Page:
What we've learned since the declaration of the pandemic

What we've learned since the declaration of the pandemic
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The COVID-19 pandemic is impacting almost every aspect of people’s lives, even including how they access and consume cannabis. 

To learn about these changes, the team I lead at the Cannabis Health & Fitness Laboratory at the University of Miami has been gathering survey data from cannabis consumers across the globe since mid-March. To raise awareness of our efforts and to ensure the participation of a broad spectrum of this population, a multisite collaborative of clinical, epidemiological, and behavioral researchers from the University of Texas School of Public Health, SUNY Downstate Medical Center, and the University of North Carolina Lineberger Cancer Center joined with clinicians and public interest groups — including the National Organization for the Reform of Marijuana Laws (NORML). Participant responses are kept anonymous.

The preliminary data from over 2,000 self-identified cannabis consumers in 46 countries are not only informative but also has implications for public policy. Not surprisingly, the rapid spread of COVID-19 has influenced longstanding social mores surrounding the use of cannabis. For instance, a portion of self-identified cannabis consumers report changing their route of use since the pandemic was declared. Among those that changed how they consumed cannabis, there was a reduction of inhaled methods. About 38 percent of respondents who reported using cannabis-inhaled products indicated they have now stopped sharing them with others.


Cannabis consumers who stopped sharing and inhaling cannabis are in accord with World Health Organization recommendations. These recommendations currently call for both physical distancing and for mitigating or eliminating one’s exposure to combustive smoke due to potential adverse effects on both the lungs and the immune system.

Moreover, many of our respondents reported concern about access to medical cannabis, which is understandable. About one-half of respondents have one month or more supply of medical cannabis on hand; however, over one-third of respondents have no more than a two-week supply.

The inability of these patients to stockpile substantial supplies of their medicine is likely influenced by the comparatively high cost of medicinal cannabis products; and, the reality that these products are seldom if ever, covered by conventional insurance plans. In the US, medicinal cannabis dispensaries are predominantly cash-only. Our data shows that over half of respondents were worried about their ability to continue to pay for medical cannabis during this global public health crisis.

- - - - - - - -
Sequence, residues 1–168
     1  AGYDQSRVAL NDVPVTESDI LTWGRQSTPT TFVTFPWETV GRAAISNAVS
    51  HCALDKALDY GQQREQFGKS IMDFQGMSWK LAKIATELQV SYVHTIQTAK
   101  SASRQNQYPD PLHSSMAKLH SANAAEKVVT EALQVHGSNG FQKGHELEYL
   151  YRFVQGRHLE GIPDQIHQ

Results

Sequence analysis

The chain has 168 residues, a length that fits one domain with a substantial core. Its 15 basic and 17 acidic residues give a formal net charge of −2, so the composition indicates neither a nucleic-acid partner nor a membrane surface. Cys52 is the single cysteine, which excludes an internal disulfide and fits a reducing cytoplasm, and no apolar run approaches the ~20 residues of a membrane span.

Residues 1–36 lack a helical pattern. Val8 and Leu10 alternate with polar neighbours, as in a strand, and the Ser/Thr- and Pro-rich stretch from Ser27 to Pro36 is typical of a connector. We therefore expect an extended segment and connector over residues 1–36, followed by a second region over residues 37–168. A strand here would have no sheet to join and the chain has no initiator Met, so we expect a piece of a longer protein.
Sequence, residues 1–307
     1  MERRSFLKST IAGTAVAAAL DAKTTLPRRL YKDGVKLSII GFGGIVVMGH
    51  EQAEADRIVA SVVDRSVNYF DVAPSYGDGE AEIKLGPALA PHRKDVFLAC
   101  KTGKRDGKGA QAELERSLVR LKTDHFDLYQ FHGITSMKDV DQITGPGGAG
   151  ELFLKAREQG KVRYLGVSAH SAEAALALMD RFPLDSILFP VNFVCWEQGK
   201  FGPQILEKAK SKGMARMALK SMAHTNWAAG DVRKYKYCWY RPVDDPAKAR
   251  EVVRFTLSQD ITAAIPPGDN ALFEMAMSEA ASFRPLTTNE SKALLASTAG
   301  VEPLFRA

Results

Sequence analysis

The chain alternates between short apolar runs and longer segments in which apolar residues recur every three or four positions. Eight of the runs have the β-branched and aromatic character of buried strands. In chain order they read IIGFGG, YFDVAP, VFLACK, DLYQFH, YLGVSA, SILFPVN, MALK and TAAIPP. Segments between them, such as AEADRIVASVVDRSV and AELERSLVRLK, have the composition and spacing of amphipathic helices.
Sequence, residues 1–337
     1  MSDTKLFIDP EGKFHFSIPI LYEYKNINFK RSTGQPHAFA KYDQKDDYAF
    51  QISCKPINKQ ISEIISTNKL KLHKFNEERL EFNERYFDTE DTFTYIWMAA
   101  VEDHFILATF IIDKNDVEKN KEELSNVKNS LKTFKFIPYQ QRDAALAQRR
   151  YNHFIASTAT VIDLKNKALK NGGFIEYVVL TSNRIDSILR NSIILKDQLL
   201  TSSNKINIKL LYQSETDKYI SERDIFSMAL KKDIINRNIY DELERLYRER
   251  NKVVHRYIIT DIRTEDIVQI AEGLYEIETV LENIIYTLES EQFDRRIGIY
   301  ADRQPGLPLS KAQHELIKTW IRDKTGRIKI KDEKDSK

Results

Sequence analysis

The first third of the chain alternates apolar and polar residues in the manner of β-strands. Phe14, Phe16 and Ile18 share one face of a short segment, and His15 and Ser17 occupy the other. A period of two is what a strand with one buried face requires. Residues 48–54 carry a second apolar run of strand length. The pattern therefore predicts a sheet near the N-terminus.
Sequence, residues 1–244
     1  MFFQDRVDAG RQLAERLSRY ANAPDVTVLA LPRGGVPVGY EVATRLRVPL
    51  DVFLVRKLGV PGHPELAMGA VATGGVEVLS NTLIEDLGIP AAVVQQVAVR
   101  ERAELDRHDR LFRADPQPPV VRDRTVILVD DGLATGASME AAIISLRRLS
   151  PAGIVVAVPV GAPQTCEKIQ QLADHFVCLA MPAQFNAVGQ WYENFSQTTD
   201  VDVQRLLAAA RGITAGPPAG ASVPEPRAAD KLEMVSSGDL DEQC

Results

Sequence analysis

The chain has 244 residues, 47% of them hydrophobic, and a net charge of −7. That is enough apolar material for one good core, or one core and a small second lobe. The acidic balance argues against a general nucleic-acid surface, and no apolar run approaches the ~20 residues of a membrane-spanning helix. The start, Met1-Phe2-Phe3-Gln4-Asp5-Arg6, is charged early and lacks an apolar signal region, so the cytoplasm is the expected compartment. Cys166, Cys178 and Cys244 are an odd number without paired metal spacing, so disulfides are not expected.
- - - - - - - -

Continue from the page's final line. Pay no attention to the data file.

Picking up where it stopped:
Based on what we have learned so far from the study, it is apparent that many cannabis consumers have pre-existing chronic health conditions such as anxiety, depression, and cardiometabolic disease risk. While research is underway to evaluate the impact of COVID-19 on vulnerable populations, there is a lack of collective prevention and intervention programs to reduce the impact of the pandemic, or the virus itself, among medicinal cannabis consumers. 

Since COVID-19 was declared a pandemic, lawmakers and regulators in over 20 states have designated state-licensed cannabis dispensaries as “essential services.” This allows medicinal cannabis dispensaries to remain open during the pandemic. Because many patients who service these retailers must make repeated trips to purchase their medicine in limited quantities to be affordable, this ensures an uninterrupted medicinal supply. It also recognizes that these vulnerable persons should not be abruptly cut off from their established supply chains or inadvertently directed toward the illicit market during this crisis. Products available in the illicit market may potentially be tainted or adulterated and may further compromise patients’ health.


Of course, there remains much more to learn. In the coming weeks, we will be continuing to gather data and analyze responses. It is our hope that this epidemiological data will not only provide important information with respect to both the health and welfare of cannabis consumers during this pandemic, but also assist in guiding lawmakers, regulators, and health officials to craft evidence-based public policies to best address the unique needs of this community. 

Globally, qualifying conditions for medical cannabis, though not uniform, include those with compromised immune systems and other chronic health conditions. This was corroborated by the preliminary results of our study. Therefore, medicinal cannabis consumers comprise a population that we should not marginalize in our global effort to “flatten the curve." Yes, in some states, medicinal cannabis patients have access via “essential services” designation; but, what about the states and countries that do not.

Dr. Denise C. Vidot is a cannabis epidemiologist and assistant professor at the University of Miami School of Nursing and Health Studies. Paul Armentano is the deputy director of the National Organization for the Reform of Marijuana Laws (NORML). Armentano is not involved with the Cannabis Health & Fitness Laboratory.